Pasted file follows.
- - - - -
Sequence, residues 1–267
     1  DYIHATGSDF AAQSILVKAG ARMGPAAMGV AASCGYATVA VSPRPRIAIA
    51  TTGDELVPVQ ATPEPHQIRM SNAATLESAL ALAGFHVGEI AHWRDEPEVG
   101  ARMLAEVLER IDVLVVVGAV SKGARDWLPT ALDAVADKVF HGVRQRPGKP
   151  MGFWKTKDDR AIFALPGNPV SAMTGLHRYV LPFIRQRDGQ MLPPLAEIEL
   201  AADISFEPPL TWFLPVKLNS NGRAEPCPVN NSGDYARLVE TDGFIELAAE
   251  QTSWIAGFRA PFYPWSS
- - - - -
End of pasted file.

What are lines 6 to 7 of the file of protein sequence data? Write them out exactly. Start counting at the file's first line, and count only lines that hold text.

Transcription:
   201  AADISFEPPL TWFLPVKLNS NGRAEPCPVN NSGDYARLVE TDGFIELAAE
   251  QTSWIAGFRA PFYPWSS